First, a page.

Contrary to what I’ve no doubt led you to believe thus far, Andrew and I have been to more places than just Germany. For example, we’ve been to Israel. And from Jerusalem where we were staying, we took a day trip to Bethlehem… the city where Jesus was born.
On the morning of July 15, 2011, we went to Damascus Gate to see if we could catch a bus to Bethlehem. Instead, we found a cab. The driver told us he could take us to Bethlehem and provide us with a guide free of charge. We took him up on his offer, and sure enough, when we arrived in Bethlehem, there was our guide waiting for us. We all figured that both the driver and guide seemed kind and trustworthy, which is remarkable considering the overall largely skeptical nature of the majority of our little group. It was a terrific decision to trust them.
Now we’ve arrived at the door to the Church of the Nativity. It’s a tiny door, that’s why you can’t see it. It once was very large, during the Middle Ages, when crusading knights would ride their horses right into the church. That’s reportedly why they made the door much smaller. You have to stoop very low to get in there, but in we all go. I think that group ahead of us were from a cruise, or a bus, or… both? Anyway, our cab driver didn’t want to wait for us all day behind that incredibly long line to get into the place of Jesus’ birth, so he went to talk to some of the guards. I guess he was negotiating, because suddenly he came and told us to go in the exit. Like, just squish our way in there, while the guard yelled at us. Meanwhile there were streams of tourists coming out the exit, and we had to go against the flow. I noted in my journal that occasionally a priest would yell, “QUIET!” It was very peaceful. (No it wasn’t.)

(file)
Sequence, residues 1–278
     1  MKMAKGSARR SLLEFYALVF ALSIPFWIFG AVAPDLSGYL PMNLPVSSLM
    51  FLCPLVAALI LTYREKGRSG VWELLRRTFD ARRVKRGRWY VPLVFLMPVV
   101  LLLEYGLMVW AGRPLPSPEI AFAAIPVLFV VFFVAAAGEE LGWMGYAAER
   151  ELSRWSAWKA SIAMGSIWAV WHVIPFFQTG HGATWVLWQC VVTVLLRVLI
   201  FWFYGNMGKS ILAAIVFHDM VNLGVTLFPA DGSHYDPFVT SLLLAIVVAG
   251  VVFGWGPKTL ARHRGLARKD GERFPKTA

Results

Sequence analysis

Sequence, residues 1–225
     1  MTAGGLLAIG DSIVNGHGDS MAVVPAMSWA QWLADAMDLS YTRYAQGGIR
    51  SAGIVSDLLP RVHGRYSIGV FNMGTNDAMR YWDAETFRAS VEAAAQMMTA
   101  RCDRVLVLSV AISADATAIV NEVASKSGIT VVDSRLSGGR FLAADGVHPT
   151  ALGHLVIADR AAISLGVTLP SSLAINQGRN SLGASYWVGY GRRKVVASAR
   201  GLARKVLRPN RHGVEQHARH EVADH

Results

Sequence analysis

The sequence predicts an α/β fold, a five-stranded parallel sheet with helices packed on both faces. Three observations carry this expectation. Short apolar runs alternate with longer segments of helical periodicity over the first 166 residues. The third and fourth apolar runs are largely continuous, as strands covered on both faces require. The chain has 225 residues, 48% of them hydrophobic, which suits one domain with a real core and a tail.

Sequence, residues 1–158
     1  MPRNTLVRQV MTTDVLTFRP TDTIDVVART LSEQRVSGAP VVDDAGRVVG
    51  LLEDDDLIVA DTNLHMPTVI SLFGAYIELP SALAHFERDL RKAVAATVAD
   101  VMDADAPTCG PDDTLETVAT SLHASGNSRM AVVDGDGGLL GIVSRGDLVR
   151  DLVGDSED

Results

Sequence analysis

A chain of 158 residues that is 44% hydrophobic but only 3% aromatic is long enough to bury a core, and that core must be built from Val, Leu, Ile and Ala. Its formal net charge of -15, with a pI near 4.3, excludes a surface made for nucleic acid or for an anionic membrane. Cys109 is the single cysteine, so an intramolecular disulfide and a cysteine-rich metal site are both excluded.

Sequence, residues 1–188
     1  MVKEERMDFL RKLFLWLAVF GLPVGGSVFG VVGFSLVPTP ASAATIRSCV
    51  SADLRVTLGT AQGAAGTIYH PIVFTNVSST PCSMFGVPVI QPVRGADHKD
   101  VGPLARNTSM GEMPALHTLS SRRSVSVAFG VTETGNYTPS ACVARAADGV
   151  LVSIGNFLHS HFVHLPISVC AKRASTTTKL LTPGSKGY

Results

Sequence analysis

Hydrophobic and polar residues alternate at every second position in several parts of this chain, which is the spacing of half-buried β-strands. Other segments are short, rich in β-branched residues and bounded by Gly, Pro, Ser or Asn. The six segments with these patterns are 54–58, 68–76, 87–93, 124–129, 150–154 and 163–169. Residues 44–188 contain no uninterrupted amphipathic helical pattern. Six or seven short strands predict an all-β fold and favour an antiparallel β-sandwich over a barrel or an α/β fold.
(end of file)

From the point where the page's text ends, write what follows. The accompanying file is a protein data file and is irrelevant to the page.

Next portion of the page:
I’m pretty good at maneuvering in crowds, so I pretty much just dove into home plate there, when I touched the site of Jesus’ birth. It didn’t feel holy to me, and I really only did it because we’d come all this way, so why not. But really, it just felt like I was busting in on other tourists. Like, I obviously had to cut in front of people in order to make this happen, since I snuck in through the exit in the first place. Needless to say, it was NOT the serene, meaningful experience I envision when I sing “Silent Night” or “O Little Town of Bethlehem”. To be even more honest… I wasn’t actually expecting it to be all that meaningful. Some would argue that that’s why it wasn’t that big a deal for me — because it’s only meaningful if you expect it to be. However, I don’t subscribe to that way of thinking. I knew it’d be chaotic over there, mobbed with tourists (such as myself). And I’d already been to the Church of the Holy Sepulchre in Jerusalem (that’ll be a future post), so I was pretty much expecting another tense, overwhelming atmosphere.
So… I could sit here and type all kinds of pretty, emotional words about what it meant to me to touch the place that Jesus was apparently born. (See? I don’t even believe it was necessarily the right place. I mean, it could be, definitely. But, I don’t think that can be 100% known.) But, it’d be terribly inauthentic of me if I were to pretend it was a life-changing experience for me.
In reality, it was almost more like a checklist situation:
Church of the Nativity?
Excellent. What’s next?
And if you’re wondering why we got the free guide and all that… well, they brought us to a gift shop. Of course they did. We expected this too. (We’d been on enough touristy day trips by this time to know.) We’d already planned on buying a nativity there, and so we did. It may have been overpriced, but whatever — this was what we wanted to do — purchase a nativity made of olive wood in Bethlehem. It’s simple, but beautiful.
And then they gave us some mint tea at the tourist shop. And then we returned to Jerusalem.